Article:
Admiring the work of French illustrator, Dominique Corbasson. The artist first worked in the fashion industry as a designer for upholstery and children’s clothing, while maintaining her passion for drawing. She became a full time illustrator in 1993 with her drawings used primarily for advertising and fashion. She has illustrated children’s books and has exhibited her work internationally. You can see more of her illustrations in the unofficial blog dedicated to her, Looking for DC.
Images: Courtesy of Dominique Corbasson.
Of course we first spotted their shoe repeat pattern but was then mesmerized by their bold and colorful landscape and building illustrations. These are the works of London-based illustration agency, Rude, founded by husband and wife team, Abi & Rupert Meats. The trained graphic designers launched a successful international t-shirt label
which brought in commissions to illustrate, design and manufacture for various clients.
Images: Courtesy of Rude.
Admiring the illustrations of UK-based freelance illustrator, Melissa Castrillón. Thought we would share her perspective on the importance of the sketchbook for her work:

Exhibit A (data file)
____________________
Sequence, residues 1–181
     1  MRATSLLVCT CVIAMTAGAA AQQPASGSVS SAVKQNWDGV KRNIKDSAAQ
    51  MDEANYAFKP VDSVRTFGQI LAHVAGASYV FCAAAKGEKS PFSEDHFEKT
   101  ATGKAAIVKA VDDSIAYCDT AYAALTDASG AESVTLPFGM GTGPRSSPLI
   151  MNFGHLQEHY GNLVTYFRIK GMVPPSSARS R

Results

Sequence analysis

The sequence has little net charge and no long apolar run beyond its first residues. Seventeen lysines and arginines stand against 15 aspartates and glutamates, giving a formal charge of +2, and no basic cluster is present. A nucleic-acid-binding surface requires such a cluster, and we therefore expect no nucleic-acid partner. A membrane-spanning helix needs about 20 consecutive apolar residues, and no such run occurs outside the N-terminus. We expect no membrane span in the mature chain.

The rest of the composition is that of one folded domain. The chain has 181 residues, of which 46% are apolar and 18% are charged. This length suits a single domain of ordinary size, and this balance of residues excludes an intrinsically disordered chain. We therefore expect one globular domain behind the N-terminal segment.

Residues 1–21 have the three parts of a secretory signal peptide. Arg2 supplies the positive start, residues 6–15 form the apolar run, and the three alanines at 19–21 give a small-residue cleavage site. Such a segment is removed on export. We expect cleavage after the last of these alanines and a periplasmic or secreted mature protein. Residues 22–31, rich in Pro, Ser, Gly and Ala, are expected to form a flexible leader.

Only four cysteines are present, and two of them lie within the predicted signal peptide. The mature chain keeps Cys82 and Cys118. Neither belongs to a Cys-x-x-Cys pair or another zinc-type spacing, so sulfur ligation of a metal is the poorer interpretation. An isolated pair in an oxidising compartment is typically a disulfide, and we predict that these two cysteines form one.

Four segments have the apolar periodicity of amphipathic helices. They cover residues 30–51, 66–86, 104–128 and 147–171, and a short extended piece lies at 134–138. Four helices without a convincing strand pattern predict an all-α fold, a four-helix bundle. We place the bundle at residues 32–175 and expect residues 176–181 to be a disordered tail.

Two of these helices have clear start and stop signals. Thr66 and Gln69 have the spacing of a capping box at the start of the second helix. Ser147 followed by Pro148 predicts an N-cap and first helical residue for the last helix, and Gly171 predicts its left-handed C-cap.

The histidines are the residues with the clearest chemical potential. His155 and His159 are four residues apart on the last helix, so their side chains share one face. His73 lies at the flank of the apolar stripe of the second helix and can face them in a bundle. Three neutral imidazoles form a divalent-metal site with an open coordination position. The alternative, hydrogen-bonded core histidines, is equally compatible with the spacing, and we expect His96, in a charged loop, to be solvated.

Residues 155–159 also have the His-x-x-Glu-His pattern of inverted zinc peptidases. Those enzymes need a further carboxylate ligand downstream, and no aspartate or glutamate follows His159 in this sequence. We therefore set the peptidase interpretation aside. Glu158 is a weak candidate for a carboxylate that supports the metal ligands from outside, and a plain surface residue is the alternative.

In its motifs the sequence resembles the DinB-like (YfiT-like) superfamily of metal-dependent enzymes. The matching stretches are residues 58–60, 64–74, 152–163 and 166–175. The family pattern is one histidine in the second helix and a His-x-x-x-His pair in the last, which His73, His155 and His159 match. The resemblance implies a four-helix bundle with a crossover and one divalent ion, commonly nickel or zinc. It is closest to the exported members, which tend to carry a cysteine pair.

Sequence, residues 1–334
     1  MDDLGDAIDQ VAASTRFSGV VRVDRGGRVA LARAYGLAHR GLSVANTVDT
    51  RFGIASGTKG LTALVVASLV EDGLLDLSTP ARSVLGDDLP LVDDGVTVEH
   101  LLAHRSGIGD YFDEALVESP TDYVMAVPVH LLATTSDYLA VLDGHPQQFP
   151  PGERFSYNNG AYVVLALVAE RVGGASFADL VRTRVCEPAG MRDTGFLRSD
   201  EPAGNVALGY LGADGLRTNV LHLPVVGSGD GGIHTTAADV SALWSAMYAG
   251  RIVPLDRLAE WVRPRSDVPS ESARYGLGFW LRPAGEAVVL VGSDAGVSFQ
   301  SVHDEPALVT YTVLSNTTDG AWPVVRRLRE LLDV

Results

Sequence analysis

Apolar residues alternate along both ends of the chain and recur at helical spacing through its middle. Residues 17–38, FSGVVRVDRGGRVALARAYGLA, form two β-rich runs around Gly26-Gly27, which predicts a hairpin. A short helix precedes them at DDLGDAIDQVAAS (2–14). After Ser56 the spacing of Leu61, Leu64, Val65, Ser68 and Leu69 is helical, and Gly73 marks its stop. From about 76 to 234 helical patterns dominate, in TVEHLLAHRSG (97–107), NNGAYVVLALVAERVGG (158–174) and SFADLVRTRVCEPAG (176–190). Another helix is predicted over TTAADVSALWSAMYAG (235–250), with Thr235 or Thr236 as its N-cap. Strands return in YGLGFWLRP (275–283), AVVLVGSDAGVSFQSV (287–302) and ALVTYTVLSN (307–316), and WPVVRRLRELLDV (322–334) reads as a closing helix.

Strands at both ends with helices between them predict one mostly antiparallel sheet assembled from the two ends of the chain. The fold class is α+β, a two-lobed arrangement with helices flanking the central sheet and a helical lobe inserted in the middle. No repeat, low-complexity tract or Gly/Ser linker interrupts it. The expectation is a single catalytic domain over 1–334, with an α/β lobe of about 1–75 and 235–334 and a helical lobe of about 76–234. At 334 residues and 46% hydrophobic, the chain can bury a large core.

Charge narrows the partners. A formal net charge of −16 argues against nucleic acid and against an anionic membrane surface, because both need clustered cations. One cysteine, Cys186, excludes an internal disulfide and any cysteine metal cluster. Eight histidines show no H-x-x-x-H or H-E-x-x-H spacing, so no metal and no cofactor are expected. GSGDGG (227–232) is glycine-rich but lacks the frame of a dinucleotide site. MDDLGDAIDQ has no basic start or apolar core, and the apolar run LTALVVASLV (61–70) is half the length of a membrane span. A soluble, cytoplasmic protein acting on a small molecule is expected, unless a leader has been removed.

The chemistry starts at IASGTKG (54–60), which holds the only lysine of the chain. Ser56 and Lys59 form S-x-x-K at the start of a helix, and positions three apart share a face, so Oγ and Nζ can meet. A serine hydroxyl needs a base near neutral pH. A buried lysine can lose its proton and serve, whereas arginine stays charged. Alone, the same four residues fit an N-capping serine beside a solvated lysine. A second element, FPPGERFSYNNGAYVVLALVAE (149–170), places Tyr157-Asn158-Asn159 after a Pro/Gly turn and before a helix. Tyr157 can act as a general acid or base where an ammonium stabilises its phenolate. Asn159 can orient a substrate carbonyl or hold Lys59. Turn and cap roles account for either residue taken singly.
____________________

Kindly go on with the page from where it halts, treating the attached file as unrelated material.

“Sketchbooks play a couple significant roles in the development of my work, primarily I keep sketchbooks as a kind of visual dumping ground. It’s a cathartic way of getting ideas down, out of my head, through sketches, experiments and colour studies, then seeing all of these separate elements in one place helps me to piece together a single or series of images, though quite often the best work comes out when no planning is involved. Sketchbooks also help me to not become to precious with my work. When it comes to creating a ‘final image’ I often use the images straight from my sketchbooks, they have more life and spontaneity to them and the sketchbook as a physical book helps me to understand how to read through pictures. From the turning of a page I can develop each image to follow the next and to hopefully tell a story.”
Images: Courtesy of Melissa Castrillón.